CEO pay is more out of whack than ever
Top execs in the US earn an average of 204 times more than their rank-and-file employees -- and that's a conservative estimate.
What does it take to get business-minded Bloomberg and the employee-aligned AFL-CIO to agree on something? An exponential increase in executive pay, apparently.
Bloomberg reported Monday that the ratio of CEO-to-worker pay has increased 1,000% since 1950. Today's Fortune 500 CEOs make 204 times more than regular workers on average, up from 120-to-1 in 2000, 42-to-1 in 1980 and 20-to-1 in 1950. The AFL-CIO has only a minor quibble with that ratio, insisting that the 2012 figure is closer to 354-to-1.
In each case, both Bloomberg and the unions agree that the balance of executive pay to worker compensation can be far more skewed, depending on which company is under the microscope. Bloomberg notes that recently departed J.C. Penney (JCP) CEO Ron Johnson was given a package worth 1,795 times the average wages and benefits of a U.S. department store worker when he was hired in 2011.
The workers who held the nearly 43,000 J.C. Penney jobs cut under Johnson's watch last year made roughly $8.30 an hour.
This isn't exactly an anomaly in the retail world, either. Salary information website PayScale determined in March that Wal-Mart (WMT) CEO Mike Duke makes 1,034 times more money than the average Wal-Mart worker. Target (TGT) chief Gregg Steinhafel brings in 597 times what the average Target employee makes.
Elsewhere, former McDonald's (MCD) CEO Jim Skinner ended his tenure last year making 434 times more than the average counter employee. Oh, and Disney (DIS) head Bob Iger, whose company is fighting to avoid giving its Florida employees sick days, makes 557 times more than the workers Walt Disney World is not so subtly telling to tough it out.
As The Guardian noted, American CEOs saw their pay jump 15% in 2011 after climbing 28% the year before. Not only did worker wages drop 2% in 2011, according to the Labor Department, but the Economic Policy Institute says CEO pay leaped 725% from 1978 to 2011 while worker pay rose just 5.7%. As The Huffington Post points out, CEOs continue to see their pay climb at three times the rate of those they employ.
The Dodd-Frank financial reform law passed nearly three years ago included a provision requiring public companies to disclose their CEO-to-worker pay ratios. While some of the above information dribbled out, Bloomberg notes that the Washington-based HR Policy Association lobbying group has been pushing back against such disclosures. While unions insist it's a vital step toward fixing pay disparity and business groups note that it's information that shareholders of public companies should have access to, HR Policy's board of directors disagrees.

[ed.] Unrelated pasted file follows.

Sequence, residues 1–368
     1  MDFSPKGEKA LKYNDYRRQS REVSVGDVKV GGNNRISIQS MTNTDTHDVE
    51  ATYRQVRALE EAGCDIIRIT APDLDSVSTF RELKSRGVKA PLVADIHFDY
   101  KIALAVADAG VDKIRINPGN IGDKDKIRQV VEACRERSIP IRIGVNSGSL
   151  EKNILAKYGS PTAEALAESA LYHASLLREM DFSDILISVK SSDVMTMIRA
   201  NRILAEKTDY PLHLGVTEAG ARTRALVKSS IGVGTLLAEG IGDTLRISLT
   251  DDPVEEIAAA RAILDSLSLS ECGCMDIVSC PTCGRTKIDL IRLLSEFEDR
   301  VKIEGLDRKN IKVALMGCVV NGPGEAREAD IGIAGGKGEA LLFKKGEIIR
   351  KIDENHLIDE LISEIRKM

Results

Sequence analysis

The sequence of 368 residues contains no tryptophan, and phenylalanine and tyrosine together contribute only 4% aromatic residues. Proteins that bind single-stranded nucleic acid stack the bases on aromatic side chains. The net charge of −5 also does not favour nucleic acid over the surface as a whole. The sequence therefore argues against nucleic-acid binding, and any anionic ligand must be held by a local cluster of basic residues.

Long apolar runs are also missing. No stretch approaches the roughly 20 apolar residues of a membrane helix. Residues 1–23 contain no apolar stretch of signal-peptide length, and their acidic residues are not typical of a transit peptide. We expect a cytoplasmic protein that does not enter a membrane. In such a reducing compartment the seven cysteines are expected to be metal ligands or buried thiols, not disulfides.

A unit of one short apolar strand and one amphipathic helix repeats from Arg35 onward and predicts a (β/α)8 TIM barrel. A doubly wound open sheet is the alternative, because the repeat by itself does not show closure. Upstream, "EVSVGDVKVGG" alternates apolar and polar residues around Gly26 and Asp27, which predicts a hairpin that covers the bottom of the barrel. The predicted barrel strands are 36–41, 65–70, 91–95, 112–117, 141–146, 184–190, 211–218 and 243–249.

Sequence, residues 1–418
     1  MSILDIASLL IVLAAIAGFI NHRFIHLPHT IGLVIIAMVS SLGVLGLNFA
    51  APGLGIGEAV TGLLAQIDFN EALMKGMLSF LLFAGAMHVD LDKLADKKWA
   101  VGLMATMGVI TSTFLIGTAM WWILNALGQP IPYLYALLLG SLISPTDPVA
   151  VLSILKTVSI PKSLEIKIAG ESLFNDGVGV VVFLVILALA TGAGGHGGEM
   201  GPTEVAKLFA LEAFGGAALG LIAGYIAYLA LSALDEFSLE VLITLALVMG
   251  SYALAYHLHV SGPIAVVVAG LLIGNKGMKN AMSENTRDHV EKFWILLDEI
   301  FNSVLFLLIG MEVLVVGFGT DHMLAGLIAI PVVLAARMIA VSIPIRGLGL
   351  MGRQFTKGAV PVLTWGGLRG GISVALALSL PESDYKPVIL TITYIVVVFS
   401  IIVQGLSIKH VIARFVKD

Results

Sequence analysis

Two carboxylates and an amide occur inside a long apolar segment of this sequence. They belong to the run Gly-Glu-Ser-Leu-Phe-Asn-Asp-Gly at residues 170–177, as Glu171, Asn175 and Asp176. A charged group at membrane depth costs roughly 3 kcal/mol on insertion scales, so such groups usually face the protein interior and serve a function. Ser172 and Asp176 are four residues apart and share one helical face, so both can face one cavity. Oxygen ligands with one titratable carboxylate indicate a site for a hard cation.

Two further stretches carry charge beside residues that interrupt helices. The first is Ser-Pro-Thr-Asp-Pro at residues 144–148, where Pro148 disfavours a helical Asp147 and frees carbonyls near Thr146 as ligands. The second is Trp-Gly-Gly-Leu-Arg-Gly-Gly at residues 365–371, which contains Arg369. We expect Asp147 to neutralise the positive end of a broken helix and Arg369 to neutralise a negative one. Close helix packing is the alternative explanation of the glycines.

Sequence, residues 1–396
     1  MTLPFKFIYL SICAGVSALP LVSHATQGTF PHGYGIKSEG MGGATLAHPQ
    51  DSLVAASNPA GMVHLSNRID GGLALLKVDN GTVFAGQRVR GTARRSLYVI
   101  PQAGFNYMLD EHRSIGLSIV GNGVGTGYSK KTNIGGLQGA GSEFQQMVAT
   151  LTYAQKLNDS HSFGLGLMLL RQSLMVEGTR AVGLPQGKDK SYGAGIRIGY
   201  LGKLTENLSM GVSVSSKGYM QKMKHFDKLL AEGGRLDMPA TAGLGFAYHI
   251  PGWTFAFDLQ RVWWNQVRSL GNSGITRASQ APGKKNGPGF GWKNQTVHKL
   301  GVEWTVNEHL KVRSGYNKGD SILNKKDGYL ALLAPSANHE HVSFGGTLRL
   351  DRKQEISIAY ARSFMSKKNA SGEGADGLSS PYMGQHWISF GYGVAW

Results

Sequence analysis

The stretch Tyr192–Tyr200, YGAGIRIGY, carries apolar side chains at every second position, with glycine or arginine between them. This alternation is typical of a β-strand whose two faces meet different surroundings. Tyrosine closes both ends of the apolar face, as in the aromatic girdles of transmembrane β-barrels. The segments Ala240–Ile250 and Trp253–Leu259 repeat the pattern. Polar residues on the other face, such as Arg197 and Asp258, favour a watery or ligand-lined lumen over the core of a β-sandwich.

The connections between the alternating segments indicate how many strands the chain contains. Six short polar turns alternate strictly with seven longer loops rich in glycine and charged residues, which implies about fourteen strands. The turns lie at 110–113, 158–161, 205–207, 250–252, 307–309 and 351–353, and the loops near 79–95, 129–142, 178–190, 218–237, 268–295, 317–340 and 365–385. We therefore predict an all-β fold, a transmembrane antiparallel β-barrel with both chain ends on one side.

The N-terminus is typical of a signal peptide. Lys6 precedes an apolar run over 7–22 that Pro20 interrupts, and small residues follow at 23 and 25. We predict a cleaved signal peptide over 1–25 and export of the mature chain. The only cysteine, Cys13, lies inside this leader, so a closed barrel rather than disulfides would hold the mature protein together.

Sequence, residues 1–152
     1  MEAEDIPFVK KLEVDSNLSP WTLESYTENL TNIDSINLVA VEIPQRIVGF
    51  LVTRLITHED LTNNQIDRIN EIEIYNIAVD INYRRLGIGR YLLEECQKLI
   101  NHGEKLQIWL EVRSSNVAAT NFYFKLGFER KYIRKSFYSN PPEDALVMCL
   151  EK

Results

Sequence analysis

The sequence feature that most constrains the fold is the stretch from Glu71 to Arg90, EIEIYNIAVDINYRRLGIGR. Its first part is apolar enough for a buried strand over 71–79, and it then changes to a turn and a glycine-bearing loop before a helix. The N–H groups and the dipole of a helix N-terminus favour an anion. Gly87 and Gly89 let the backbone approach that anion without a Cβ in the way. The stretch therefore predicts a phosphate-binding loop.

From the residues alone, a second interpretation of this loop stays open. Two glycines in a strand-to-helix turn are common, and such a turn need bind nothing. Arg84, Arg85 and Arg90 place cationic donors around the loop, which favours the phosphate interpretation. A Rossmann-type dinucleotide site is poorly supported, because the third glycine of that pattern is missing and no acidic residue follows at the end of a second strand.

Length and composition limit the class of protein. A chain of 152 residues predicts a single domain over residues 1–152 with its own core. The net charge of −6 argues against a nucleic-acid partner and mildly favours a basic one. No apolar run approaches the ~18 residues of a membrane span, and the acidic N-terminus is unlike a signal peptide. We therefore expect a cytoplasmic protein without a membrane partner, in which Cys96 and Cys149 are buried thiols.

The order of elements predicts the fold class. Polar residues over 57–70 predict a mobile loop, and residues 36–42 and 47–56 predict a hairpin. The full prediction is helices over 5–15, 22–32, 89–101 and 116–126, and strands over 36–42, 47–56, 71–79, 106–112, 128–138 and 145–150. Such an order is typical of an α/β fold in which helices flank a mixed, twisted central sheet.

Of course, that board includes companies with CEO pay ratios in the top 20% of S&P 500 companies. General Electric (GE), with its 491-to-1 ratio, and AT&T (T), at 339-to-1, have seats on the group's board. When you've just shoveled a whole lot of money into your vault, why just hand your investors and employees the keys?
This is the driving force of our recession, the disparity of income between the 1% and the disappearing middle class.
Upper management should only accept the same annual percentage increase as they are willing to provide to the rank and file (the folks who actually add value to a product or service) of that company.
This is the Republican trickled down theory of economics at its best, give those at the top more and those at the bottom less. Now cut the employees hours so the don't have to pay for health care or other benefits so they can put more and more into their pockets.
If the emplooyees of the world just have enought to eke out a living and get by who is it that's going to buy the products that keep our economy moving?
You have to be willing to pay top dollar or other companies will beat you out for executives like Ron Johnson. Gotta have the best if you want to completely ruin your company.
Copyright © 2013 Microsoft. All rights reserved.
Fundamental company data and historical chart data provided by Morningstar Inc. Real-time index quotes and delayed quotes supplied by Morningstar Inc. Quotes delayed by up to 15 minutes, except where indicated otherwise. Fund summary, fund performance and dividend data provided by Morningstar Inc. Analyst recommendations provided by Zacks Investment Research. StockScouter data provided by Verus Analytics. IPO data provided by Hoover's Inc. Index membership data provided by Morningstar Inc.
Sales of collectible automobiles hit an all-time record this year, leading some to speculate that soaring prices could lead to a huge deal.
- Bah, humbug! New Christmas tree tax proposed
- Should you get a store credit card?
- The best credit cards of 2013
- Can a new chief exec keep GM on course?
- 'Tips for Jesus' big spender unmasked?
- Chinese investors are buying up Detroit
- Mega Millions jackpot hits $344 million
- 5 reasons to think twice about a balance transfer card
- Will I have to pay taxes because of a foreclosed home?
[BRIEFING.COM] Equity indices settled on their lows following a steady, session-long slide. Similar to yesterday, small-caps paced the retreat as the Russell 2000 fell 1.6%, extending its December loss to 3.6%. The S&P 500 settled lower by 1.1%, widening its month-to-date decline to 1.3%.
There was no specific news catalyst behind today's slide, which had the markings of broad-based profit-taking. Seven of ten sectors settled with losses of 1.0% or more while only two groups ... More
More Market News
Internet and social-media stocks are flying high again, and exchange-traded funds in the sector are outperforming the market.